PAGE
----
The bats have gone silent for all of Minor League Baseball because of the ongoing challenges related to the COVID-19 pandemic.

Affiliates will have to scramble to make up some revenue this summer and then look ahead to players hopefully getting back on the field in 2021.

“Obviously it’s sad news for our staff and fans,” said Chris Bitters, general manager of Delmarva Shorebirds. “… Obviously it’s understandable with everything that’s going on, but even though it’s still a sad time for everybody, we’ll get through it and we’ll be fine moving forward.”

Perdue Stadium in Salisbury, Md., is a popular venue that can be utilized for other events, and Bitters is preparing to capitalize on those opportunities. The Shorebirds organization plans to host some travel-ball tournaments along with other events, such as graduations, that can’t be held indoors. The team is also looking into a fireworks night and outdoor dinners under the social-distancing guidelines.

Once Maryland Gov. Larry Hogan opened up outdoor activities, the team was inundated with phone calls and emails from people asking about different types of events

“Of course, we’re not going to make up what we’ve lost and what we’ll be losing — that’s just the reality for any business — but today, you can look at a restaurant or anywhere else and look at what they’ve lost and are losing,” Bitters said. “There’s no one way to make that back. So, we just deal with it. We’ve got good ownership. We’ve got good management, so we’re looking at this as a long-term thing, so we’re going to take care of our fans, first and foremost.”

The Bowie Baysox have felt the full brunt of the pandemic. All of the team’s revenue comes through ticket and advertising sales, according to Adam Pohl, the team’s corporate sponsorship account manager.

“The financial challenges are dire at the minor-league level,” Pohl said. “All 2020 sales pre-pandemic are being moved to the 2021 season. So it’s a completely lost season. We have had to lay off employees and with a quarter of our industry being contracted most likely into 2021, my estimate is that well over half of full-time minor league executives have been let go or furloughed nationwide.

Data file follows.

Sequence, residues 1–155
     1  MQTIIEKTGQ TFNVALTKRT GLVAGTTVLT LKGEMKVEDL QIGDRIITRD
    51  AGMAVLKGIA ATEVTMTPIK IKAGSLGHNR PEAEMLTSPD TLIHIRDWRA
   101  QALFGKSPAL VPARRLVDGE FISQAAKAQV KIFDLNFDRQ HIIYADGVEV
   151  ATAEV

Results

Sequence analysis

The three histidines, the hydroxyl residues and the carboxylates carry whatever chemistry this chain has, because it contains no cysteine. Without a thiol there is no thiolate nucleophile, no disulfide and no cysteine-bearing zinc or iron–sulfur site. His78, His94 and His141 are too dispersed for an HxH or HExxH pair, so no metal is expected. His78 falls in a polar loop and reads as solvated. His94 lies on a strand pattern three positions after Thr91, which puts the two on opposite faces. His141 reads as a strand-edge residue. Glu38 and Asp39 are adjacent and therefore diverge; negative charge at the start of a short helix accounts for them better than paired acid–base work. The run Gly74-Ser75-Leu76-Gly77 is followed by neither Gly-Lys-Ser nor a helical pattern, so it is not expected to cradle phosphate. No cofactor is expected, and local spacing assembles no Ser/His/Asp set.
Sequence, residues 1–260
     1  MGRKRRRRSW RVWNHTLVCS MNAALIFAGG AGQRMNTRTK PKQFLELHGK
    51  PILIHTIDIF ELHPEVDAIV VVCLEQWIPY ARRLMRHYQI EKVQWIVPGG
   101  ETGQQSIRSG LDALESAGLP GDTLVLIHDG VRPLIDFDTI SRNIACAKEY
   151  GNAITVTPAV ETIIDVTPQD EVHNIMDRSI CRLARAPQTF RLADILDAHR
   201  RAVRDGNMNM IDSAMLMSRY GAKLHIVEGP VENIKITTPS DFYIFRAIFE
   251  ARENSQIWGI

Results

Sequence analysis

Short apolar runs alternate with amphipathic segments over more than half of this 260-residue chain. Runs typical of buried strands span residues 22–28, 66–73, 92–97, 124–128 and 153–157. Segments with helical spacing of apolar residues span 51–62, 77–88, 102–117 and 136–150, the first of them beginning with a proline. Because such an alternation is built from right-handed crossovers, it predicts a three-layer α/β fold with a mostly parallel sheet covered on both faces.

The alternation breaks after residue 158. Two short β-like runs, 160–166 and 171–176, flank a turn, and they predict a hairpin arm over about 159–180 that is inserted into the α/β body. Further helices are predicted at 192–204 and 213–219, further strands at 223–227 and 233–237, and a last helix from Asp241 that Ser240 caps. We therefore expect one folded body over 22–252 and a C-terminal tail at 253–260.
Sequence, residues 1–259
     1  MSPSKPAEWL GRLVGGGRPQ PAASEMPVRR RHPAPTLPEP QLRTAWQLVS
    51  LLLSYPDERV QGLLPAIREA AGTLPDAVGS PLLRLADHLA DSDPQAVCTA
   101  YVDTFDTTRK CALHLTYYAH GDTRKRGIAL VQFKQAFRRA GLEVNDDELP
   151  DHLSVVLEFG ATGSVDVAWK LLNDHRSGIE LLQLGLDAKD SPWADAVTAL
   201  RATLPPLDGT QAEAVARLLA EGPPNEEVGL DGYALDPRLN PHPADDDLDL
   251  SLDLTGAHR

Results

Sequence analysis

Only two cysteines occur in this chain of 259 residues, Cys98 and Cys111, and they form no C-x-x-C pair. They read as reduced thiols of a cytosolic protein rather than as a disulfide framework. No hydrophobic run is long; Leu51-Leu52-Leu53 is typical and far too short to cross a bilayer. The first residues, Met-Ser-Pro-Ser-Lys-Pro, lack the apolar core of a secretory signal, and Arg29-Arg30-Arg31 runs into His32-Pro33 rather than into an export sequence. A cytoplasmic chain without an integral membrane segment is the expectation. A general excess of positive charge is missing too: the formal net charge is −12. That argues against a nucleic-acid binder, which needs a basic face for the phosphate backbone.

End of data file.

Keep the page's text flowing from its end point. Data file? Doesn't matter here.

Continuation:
“It’s hard to wrap your mind around that kind of attrition in our industry.”

The Baysox are remaining active in the local community. They’ve hosted Zoom activities with some players, coaches and personalities. That’s worked out well.

“We are trying to still be a beacon for the community,” Pohl said. “We had a very successful chicken sale that aided local food banks. We are trying to host other safe events at the stadium in the months that remain in 2020, although we are not there yet due to COVID-19.

“But unlike most businesses in our shoes that won’t be able to survive this pandemic — we will. That is the forest from the trees for us. We will feel this pain for years to come. But we will be here in 2021 and beyond.”

Minor leaguers are paid by the parent club, and the Orioles have compensated their minor leaguers through this lost summer. The top prospects in the system will more than likely be involved in the Orioles’ taxi squad camp, which will give them time to scrimmage and practice. There is also talk of an expanded fall league to get the players live-game action.

“But for the majority of minor league players losing a season is a crushing blow to proving you can be a big leaguer. It will be hard to rebound from and will end many baseball careers,” Pohl said.

The Aberdeen IronBirds are also being creative to make up for the lost season with alternative community events, according to general manager Jack Graham. For the Fourth of July, the IronBirds are collaborating with local officials and local sponsors to provide a free drive-in “Independence Day Fireworks Celebration.”

“We hope to have other events throughout the summer and fall, and may do things like movies on the video board, family picnic days, and anything else we can do to make sure our facility is adequately used by the community,” Graham said. “Additionally, we would like to work with local businesses and community organizations to do private events, like the upcoming Home Runs for the Homeless charity fundraiser to benefit Harford Family House.”

All of the teams remain optimistic fans will return in 2021. The hope is the pandemic is a once-in-a-lifetime event and that life will eventually return to normal. But that does not make today’s challenges any less daunting.

“It’s our hope to use community events, season seat member events, email, phone and social media to stay engaged with our fans and partners,” Graham said. “It’s a hard time to be a large-scale entertainment venue, but we very much hope that our fans will remain enthusiastic about supporting their hometown Aberdeen IronBirds into 2021 and beyond.”

Photo Credit: Courtesy of Aberdeen IronBirds

Todd Karpovich

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